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Carlos

Year: 2010
Production Co: Films en Stock
Director: Olivier Assayas
Writer: Olivier Assayas, Dan Franck, Daniel Leconte
Cast: Edgar Ramirez

The working title could well have been 'The Smokers'. You see characters light up so often in this expansive, six hour mini series it borders on extraordinary.

But there's much more to it. Carlos feels like the sort of thing that could only have come from a European production. There's barely a mention of the United States until the last third and if nothing else, it reminds you that there was a history of armed political anarchy, terrorism and anarchy in the world before September 11, 2001, one that was just as scary.

Edgar Ramirez portrays the most famous freedom fighter/thug for two decades of Carlos' life. Venezuelan Ilich Ramirez Sanchez was best known for raiding the 1975 OPEC conference in Vienna, flying hostages to Algiers and then Tripoli and going free.

We meet him as a young revolutionary, as distracted by drink and girls as any young man but politically passionate and dedicated to what's continually referred to as The Cause (the liberation of Palestine). Showing early promise as an apprentice in the militant arms of the Middle East's political movements, an interesting change comes over Carlos and the on again-off again cohorts he works Europe with.

It's not so overtly proclaimed by the script, but his continued drive for contacts, hideouts, weapons and mission planning makes him an avowed capitalist, curious considering the political schism of the enemy he's vowed to destroy. And when old allegiances fall away because of the shifting political sands of history – like when Syria tells him they'll no longer shelter him – Carlos is reduced to looking for any sponsor he can to offer safe haven and munitions, just like an app designer knocking on doors in Silicon Valley.

Early on, following the OPEC raid, he's also shown falling somewhat victim to the mystique of his own marketing, loving every minute when cheering crowds line the footpath holding up pictures of him as he drives slowly past in his signature shades and beret.

And if it's not the gradual shift from sleek revolutionary to slightly flabby mercenary-for-hire, it's the lifestyle itself. Like James Bond, Ramirez travels from one desert training camp and luxury hotel to another, crisscrossing Europe to meet, train and carry out his expansive business of terror, doors open to everyone from the Stasi to Muammar Gaddafi's personal driver. If he'd been packaging and peddling a computer instead of service of terror in the name of Arab liberation, it could have been the story of Steve Jobs, and after the OPEC operation introduces the world to a guy who looks like an angry young revolutionary with his trenchcoat and scowl, Carlos ends up looking like a doughy executive in his suit and tie later in life.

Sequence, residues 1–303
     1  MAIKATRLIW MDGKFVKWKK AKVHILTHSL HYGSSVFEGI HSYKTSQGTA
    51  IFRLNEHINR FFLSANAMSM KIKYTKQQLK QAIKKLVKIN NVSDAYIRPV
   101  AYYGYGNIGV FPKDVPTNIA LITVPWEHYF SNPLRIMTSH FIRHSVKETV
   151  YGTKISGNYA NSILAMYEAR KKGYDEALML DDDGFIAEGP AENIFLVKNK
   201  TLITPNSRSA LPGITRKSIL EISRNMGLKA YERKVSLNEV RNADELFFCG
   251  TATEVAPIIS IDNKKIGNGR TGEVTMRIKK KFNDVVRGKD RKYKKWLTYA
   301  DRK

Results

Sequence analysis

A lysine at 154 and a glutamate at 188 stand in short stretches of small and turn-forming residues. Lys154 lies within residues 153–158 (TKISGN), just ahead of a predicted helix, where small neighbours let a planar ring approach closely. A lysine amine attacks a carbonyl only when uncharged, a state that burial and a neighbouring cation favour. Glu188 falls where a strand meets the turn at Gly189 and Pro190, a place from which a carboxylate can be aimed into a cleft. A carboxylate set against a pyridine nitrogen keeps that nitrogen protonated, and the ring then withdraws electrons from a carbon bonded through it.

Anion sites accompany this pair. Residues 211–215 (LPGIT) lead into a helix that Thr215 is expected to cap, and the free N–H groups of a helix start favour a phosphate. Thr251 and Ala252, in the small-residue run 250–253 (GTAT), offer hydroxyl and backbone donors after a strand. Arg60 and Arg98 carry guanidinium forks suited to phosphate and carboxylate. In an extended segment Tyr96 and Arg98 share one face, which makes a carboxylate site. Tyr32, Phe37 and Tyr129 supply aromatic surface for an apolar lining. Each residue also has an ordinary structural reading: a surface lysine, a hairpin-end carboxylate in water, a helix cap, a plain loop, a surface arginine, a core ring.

If never digs very deep into Ramirez' psyche apart from a few glimpses where he reveals what he seems to have known all along about his life (that it won't end peacefully, for example – which he was wrong about so far). But the film portrays him as having a single goal with everything else such as the women he married and loved mere distractions, and the distractions – including the constant pursuit of pussy and good living – momentary downtime from his mission.

As the beginning of each episode reminds you, it's not by any means a history lesson, but you come away feeling like you have a more complete picture of the history of terrorism means than you ever get from the cowboys and Indians nature of the American media.

The running time is a big commitment but it lets a story that covers over 20 years relax and take its time. Ramirez hardly ever breaks a sweat (or his expression), but it's well worth it.

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